A Small Peek into Ukraine’s Big  Economic Crisis

Ukrainian Hryvnia

The war in the Eastern part of Ukraine has been the biggest contributor to economic turmoil in the country, negatively affecting the lives of civilians in areas remote from the hot spots of conflict. This is not to say that only the separatists are to blame for Ukraine’s horrible state of affairs. The lack of an efficient economic strategy, dodgy behind-closed-doors negotiations, disdain for reforms and the plague known as corruption all spurred on Maidan. It has now become clear that kicking out Yanukovych and his team was not the ultimate solution to all these problems.  The new government seems to be just as incompetent at handling the economy as the old was.

In the last days of December 2008, my mother and I were standing in line at a bank. The dollar exchange rate had recently jumped from 5 hryvnias (Ukraine’s national currency) to 8 in the wake of the Great Recession. We had come to sell our dollars and get some extra cash right in time for the holiday season. That exchange ratio stayed stable for the next five years until last year with the hryvnia/dollar rate now standing at 27:1.

In the February of 2015 I once again went to a bank to withdraw dollars and was informed by the cashier that there was no money available at this branch and that I would need to order it from another branch and collect it the following day. This would cost me 300 hryvnias ( $10), but since I had no other choice, I quietly obeyed. The woman standing behind me in line overheard our conversation and asked if I would sell her the dollars I would  get the next day for 31 UAH per buck, 15% above the official exchange rate.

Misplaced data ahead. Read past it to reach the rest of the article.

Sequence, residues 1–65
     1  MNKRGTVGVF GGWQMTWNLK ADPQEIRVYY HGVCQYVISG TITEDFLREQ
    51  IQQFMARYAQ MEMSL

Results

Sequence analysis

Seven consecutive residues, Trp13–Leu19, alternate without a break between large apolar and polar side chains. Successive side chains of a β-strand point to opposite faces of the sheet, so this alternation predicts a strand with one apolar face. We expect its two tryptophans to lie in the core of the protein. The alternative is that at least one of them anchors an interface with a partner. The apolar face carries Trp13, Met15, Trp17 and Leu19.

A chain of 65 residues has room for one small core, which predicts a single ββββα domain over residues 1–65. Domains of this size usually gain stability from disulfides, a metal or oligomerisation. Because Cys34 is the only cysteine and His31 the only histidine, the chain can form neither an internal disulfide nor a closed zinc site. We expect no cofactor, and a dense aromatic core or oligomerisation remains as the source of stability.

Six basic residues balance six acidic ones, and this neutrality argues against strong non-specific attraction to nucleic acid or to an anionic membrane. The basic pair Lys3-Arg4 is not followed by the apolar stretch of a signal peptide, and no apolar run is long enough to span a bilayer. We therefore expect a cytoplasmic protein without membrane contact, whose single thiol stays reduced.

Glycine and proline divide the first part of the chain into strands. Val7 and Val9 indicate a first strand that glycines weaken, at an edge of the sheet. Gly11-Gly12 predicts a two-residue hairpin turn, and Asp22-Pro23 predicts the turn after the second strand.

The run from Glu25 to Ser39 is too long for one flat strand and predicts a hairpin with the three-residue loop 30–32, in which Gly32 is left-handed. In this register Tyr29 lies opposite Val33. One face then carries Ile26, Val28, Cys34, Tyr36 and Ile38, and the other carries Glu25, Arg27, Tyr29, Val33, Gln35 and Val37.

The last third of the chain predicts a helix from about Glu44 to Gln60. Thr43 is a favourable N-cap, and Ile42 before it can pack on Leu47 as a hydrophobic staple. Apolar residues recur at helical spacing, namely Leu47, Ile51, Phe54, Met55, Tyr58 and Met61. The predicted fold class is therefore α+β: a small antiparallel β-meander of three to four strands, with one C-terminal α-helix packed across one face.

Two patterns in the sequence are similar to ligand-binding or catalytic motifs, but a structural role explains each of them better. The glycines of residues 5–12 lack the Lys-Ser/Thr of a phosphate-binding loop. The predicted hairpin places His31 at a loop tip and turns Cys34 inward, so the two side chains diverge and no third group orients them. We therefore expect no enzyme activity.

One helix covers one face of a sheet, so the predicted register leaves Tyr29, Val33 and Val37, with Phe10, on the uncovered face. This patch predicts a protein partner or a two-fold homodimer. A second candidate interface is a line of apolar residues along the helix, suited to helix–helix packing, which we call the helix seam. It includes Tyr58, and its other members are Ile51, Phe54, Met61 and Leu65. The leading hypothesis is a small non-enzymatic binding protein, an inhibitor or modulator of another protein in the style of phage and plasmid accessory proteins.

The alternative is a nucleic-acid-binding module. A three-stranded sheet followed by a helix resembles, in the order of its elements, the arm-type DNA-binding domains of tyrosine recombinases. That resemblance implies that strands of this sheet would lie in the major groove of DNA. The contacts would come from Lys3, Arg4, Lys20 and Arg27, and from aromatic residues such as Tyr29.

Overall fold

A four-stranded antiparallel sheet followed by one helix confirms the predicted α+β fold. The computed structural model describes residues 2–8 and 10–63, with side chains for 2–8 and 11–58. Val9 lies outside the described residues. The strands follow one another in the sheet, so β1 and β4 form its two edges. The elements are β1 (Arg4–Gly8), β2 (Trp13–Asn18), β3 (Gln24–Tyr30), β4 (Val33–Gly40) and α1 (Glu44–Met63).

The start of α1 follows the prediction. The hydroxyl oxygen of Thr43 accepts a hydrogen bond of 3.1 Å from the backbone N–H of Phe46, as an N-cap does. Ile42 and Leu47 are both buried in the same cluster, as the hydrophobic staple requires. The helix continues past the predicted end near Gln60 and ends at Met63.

Ukraine’s currency crisis began to worsen dramatically right after the Maidan revolution and Russian annexation of Crimea in March. The National Bank of Ukraine (NBU) was not effective in coping with the situation. In June President Petro Poroshenko appointed Valeria Hontareva, a former investment banker, as a governor of the NBU. She proceeded to prohibit banks from providing foreign currency loans to be used within the domestic market and capital controls in the form of bans on foreign exchange purchases by companies through banks and the limitation of purchases by banks to .5% of their capital.These highly questionable and controversial decisions of the new governor have not helped her public image or Ukraine’s economy. The economy of Ukraine shrank at an annualized rate of 14.8% in the last quarter of 2014 and the gross domestic product fell 6.9% last year. The International Monetary Fund forecasts another 5.5% GPD fall in 2015, but even these disappointing numbers might prove to be way too optimistic.

Last autumn the NBU switched to an indicative exchange rate which was defined by them daily and served as the benchmark for Ukrainian banks. The banks then used this rate to establish interbank loans between themselves. However, the market exchange rate differed greatly from the indicative rate that the NBU defined. In the beginning of February, the NBU decided to scrap the indicative rate and move toward a free-floating one sending the hyrvnia’s value into freefall.